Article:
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Initial post today by Michael Garhart
Illusion is 1 cycle time-spacing away from Kordes first generation Golden Glow work, so its possible Illusion is 2nd gen. Golden Glow. Hence, the red-limiting factor in the seedling, coupled with the other parent's.
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Initial post 29 APR 13 by Benaminh
I am trying to decide between Opening Night and Cesar Chavez (AKA Beloved). They have the same parentage. For those that have grown both, please tell me what the differences are between the two, is one better than the other? Many thanks.
Reply #1 of 10 posted 30 APR 13 by Rupert, Kim L.
I have sold both in a retail nursery and both were OK roses. Keep in mind, though, J&P banked more on Opening Night than Beloved. They gave it a better commercial name and provided it more advertising. The rose selected to be the "memorial rose" was given a name which might have sold more plants to those who valued the Cesar Chavez name (many didn't) while the donations period was in effect, then renamed a more generic, commercial name to finish capitalizing on the rose during its patent period. Interesting, also, Opening Night is rated as very disease resistant, while Beloved has a stated susceptibility to black spot. You can figure out a lot about what the creator/introducer of a rose thinks about its worth by what name it's given. Opening Night is a good commercial name, evoking thoughts of long stemmed, romantic, red beauties to be given the "star". Beloved is an OK name, but nowhere near the caliber of Opening Night.
Reply #2 of 10 posted 30 APR 13 by Benaminh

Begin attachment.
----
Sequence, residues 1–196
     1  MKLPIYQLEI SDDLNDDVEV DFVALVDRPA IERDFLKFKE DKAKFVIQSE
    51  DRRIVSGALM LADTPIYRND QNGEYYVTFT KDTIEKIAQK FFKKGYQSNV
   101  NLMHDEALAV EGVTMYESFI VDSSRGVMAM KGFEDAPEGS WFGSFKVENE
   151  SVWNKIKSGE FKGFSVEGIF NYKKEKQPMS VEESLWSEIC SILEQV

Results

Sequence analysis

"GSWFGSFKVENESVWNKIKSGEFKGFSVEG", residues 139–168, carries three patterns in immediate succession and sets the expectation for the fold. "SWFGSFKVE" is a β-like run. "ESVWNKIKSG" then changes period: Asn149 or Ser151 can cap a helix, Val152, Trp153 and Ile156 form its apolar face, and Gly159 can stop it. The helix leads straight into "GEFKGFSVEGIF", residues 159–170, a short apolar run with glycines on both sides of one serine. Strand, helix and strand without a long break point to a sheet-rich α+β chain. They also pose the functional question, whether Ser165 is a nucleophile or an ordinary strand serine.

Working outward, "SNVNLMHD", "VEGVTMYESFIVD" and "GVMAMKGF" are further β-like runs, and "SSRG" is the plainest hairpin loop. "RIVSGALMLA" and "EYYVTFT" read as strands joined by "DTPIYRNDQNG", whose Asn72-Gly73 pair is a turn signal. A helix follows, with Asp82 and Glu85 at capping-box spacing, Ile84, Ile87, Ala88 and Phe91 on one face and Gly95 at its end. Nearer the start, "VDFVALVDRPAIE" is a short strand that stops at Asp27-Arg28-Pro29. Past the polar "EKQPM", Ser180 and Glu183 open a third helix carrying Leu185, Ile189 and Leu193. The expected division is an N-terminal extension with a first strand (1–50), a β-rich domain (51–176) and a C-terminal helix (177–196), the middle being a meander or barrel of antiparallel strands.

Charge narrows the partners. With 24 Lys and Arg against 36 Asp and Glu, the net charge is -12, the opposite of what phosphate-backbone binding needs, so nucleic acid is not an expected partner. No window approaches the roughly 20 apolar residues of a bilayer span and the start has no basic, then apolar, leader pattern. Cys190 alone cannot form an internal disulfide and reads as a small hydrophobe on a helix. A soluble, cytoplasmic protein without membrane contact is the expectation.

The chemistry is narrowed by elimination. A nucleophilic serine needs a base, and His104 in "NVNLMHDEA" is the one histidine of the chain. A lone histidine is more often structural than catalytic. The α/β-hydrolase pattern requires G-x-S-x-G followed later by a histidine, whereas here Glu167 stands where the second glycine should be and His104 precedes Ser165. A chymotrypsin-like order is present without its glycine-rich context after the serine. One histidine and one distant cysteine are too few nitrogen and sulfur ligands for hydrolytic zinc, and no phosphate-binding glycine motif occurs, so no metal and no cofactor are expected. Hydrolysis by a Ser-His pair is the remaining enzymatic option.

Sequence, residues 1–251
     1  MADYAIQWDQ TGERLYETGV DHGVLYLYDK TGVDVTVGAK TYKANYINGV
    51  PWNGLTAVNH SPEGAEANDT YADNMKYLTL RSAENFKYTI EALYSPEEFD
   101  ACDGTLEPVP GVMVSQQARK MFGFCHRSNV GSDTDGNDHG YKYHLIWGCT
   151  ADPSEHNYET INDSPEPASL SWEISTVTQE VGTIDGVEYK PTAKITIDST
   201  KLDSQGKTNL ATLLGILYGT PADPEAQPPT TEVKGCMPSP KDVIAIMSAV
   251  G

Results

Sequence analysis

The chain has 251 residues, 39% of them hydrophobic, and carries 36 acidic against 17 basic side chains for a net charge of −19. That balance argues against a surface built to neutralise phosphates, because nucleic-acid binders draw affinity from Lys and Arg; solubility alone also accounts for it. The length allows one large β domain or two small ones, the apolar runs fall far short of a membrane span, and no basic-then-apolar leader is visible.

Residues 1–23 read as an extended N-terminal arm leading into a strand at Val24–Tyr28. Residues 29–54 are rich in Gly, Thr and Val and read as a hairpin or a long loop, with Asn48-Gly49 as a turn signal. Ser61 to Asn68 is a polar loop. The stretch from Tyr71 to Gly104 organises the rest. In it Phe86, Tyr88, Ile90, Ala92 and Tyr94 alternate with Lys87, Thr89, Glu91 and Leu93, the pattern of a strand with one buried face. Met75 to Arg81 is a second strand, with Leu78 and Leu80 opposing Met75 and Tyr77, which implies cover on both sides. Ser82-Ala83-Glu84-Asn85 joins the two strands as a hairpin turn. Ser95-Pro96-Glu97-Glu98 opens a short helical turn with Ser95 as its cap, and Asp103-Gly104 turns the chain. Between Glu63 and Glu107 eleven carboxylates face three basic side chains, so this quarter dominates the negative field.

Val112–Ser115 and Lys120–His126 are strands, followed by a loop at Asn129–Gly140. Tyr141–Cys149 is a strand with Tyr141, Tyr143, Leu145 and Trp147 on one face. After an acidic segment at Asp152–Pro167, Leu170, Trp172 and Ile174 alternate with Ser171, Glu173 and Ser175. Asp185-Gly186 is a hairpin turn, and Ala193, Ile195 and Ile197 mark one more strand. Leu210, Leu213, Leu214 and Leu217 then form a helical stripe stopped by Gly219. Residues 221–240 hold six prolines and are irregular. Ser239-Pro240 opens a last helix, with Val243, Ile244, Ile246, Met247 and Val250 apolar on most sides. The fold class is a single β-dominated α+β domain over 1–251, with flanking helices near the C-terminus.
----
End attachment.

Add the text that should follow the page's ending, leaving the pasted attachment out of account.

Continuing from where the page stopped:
Ugh, the silly naming game. It's ridiculous to rename Cezar E. Chavez to Beloved as well as having rare circulating roses declared extinct to steal their names. Or in the case of Meilland, giving different roses the same name over and over again. I also dislike the stupid TM and R of rose names. Thanks for the response Kim, but please tell me more about their differences in regard to bloom form, color, fragrance, growth, and disease resistance -- often times the marketing hype doesn't deliver. Looking at HMF pics, Cezar Chavez seems to have better form and color? I vaguely remember seeing Opening Night at a municipal garden but the flowers faded an ugly shade of red... do you think either of them an improvement over their parents?
Reply #3 of 10 posted 30 APR 13 by Rupert, Kim L.
Actually, neither one sufficiently spoke to me to follow me home or for me to spec them for installation in gardens. Ingrid Bergman, however, became a staple due to her performance. The "name game" is the only reason any of the "commercial roses" exist. They are products to generate revenue for their introducing nurseries. There have been great roses which have died in the market due to horrid names, and horrid roses which have had wide spread distribution due to great names.